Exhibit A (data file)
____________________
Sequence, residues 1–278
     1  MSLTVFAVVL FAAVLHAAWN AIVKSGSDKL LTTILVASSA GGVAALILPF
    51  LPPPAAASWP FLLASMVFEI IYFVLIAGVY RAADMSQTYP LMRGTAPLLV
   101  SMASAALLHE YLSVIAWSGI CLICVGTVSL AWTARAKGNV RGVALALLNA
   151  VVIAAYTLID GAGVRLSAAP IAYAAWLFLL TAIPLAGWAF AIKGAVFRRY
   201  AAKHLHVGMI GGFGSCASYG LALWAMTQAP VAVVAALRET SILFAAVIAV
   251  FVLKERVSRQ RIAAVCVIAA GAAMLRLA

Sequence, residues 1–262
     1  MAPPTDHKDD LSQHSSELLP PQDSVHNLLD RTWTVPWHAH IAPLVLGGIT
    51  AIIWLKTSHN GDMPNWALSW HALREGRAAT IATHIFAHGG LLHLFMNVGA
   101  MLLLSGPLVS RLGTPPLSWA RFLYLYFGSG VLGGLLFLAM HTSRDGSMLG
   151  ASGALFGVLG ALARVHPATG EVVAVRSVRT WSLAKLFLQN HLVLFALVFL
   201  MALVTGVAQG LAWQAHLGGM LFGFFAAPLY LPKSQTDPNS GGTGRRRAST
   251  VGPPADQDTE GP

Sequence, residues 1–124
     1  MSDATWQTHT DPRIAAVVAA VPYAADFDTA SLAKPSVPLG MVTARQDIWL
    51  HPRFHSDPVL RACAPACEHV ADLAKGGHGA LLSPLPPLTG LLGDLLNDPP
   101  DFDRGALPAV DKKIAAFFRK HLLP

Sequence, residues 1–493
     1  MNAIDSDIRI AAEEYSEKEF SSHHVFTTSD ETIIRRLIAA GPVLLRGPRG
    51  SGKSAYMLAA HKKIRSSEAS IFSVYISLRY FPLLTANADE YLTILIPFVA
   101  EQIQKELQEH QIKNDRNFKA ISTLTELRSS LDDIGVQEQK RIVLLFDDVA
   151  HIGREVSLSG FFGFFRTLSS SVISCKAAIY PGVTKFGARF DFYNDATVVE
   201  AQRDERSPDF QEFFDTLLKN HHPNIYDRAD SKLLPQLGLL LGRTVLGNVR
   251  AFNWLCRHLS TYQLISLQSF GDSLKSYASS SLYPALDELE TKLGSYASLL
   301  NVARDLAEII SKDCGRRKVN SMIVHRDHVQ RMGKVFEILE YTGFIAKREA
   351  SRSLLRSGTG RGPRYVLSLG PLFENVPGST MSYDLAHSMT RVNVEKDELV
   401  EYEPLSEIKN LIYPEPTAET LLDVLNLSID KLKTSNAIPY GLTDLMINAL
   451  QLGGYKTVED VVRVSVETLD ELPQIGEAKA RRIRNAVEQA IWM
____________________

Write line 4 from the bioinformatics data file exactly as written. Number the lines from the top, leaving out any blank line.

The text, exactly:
   101  SMASAALLHE YLSVIAWSGI CLICVGTVSL AWTARAKGNV RGVALALLNA